I tapped my foot against the tile floor, my knee occasionally making contact with the cafeteria table on the upswing. I was nervous: I had a math test today. I didn’t know why math tests made me so nervous. But they did, and I had one at 2pm.
I unzipped my lunch box and emptied its contents: a peanut butter and jelly sandwich, some pretzels, an apple, and about 8 pieces of computer paper stapled together. I took a bite of my sandwich, put my lunchbox aside, and whipped out a pencil. I examined the first page of my packet: my mom’s handwriting covered the page, and it immediately brought my anxiety level down.
“Find the area and perimeter of the below circle.” My eyes glanced down at the circle my mom had drawn beneath her prompt. It was pretty good considering her questionable drawing skills. Her equally-as-questionable handwriting was nestled within the circle to indicate the diameter across.
I went through all 10 questions and could feel my sixth-grade mind warming up. When I reached the end, I went through the answer key my mom had written and felt a wave of relief rush over me with each question I checked off as “correct.” I felt better.
My mom is a certified math nerd: when she was younger, she named stuffed animals after mathematicians. Yes, I’m talking stuffed animals named Pascal and Riemann. Whenever I was learning something new in math class, she would quite literally squeal with delight as she recalled the rules and laws of her beloved world of numbers.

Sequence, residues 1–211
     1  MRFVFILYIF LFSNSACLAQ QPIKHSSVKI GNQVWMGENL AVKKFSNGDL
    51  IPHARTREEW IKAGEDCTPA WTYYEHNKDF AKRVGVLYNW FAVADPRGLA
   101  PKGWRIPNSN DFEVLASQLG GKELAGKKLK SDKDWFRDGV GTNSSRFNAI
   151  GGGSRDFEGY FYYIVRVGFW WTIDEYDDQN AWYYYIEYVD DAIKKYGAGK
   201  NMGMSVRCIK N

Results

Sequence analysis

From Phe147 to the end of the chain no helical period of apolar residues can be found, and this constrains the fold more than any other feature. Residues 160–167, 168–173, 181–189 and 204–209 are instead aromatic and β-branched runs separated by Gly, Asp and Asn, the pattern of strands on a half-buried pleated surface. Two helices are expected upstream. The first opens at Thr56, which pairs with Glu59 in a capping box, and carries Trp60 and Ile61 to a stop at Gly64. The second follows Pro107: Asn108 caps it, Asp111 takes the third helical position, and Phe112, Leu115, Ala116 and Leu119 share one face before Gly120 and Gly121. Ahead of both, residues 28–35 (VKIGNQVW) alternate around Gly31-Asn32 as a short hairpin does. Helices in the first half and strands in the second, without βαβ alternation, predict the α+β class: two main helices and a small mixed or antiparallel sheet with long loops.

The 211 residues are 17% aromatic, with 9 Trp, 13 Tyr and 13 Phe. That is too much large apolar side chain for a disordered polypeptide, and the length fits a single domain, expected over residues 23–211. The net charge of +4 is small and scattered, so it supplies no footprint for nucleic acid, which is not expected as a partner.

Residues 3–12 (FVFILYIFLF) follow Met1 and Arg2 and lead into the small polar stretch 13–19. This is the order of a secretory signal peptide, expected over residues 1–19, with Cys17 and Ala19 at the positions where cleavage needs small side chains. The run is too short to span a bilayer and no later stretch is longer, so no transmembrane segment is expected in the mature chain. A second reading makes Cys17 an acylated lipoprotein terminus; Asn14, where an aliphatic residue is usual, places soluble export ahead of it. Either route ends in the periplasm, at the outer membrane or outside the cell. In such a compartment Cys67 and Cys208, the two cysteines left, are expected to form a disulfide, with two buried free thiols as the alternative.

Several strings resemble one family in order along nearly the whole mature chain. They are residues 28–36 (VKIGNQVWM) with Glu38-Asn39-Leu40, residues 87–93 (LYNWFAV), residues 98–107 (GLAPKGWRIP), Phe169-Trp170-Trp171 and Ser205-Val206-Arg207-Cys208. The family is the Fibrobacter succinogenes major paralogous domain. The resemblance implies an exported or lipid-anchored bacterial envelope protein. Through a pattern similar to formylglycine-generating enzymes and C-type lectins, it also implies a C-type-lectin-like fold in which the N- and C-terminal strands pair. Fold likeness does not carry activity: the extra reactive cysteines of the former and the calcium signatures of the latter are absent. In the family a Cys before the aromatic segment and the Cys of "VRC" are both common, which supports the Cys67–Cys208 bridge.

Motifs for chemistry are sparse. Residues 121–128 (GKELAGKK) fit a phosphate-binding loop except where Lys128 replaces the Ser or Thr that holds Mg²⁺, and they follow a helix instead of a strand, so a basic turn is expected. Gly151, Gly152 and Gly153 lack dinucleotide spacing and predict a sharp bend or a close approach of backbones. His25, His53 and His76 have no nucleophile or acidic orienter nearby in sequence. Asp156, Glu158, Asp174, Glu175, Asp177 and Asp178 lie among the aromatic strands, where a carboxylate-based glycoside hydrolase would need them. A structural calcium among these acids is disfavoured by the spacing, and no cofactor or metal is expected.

Her excitement about math wasn’t what made me anxious, though; the finality of math is what made me anxious—the way little mistakes make final outcomes so blatantly and fundamentally wrong. It just always felt high-pressure to me in that way.
Despite my apprehension toward it, I felt committed to math because I wanted perfect grades. And that meant I had to be as perfect at math as I could be. I think my mom sensed my anxiety, and she did everything she could to make me feel more comfortable: countless nights of textbook reading, patient teaching, and mock-test making.
But that’s what my mom did with everything: she didn’t just make math better, she made my stomach better when it hurt, my heart better when it broke, my muscles better when they ached (she gives great back rubs).
And, she did all of that after working a tireless and high-pressure job all day; after sitting in an hour and a half of traffic on her way home every evening; after cooking us dinner every night.
She was the breadwinner in our family, and it made (and still makes) me damn proud. I remember perking up with excitement each day around 7pm upon hearing my mom’s heels “click-click”-ing through our kitchen. Before I knew it, she would be poking her head into my room: “Hi honey,” she’d say with a tired smile and her blazer draped over her arm. She was powerful, patient perfection standing there: qualities that made her an amazing business woman and an even more amazing mom.
The lunch bell was ringing; perfect timing. I felt ready. As I folded my packet up and put it back in my lunch box, I noticed a note I had missed. It had the familiar chicken scratch on it: “Good luck on your test! You will do great. Love, Mom.” Thank you, Mom, for loving and believing in me as faithfully as 2+2=4. For teaching me how to add, but for being there when life itself didn’t quite add up. And finally, for proving perhaps the most important equation of them all: the limit of love between a mother and daughter does not exist.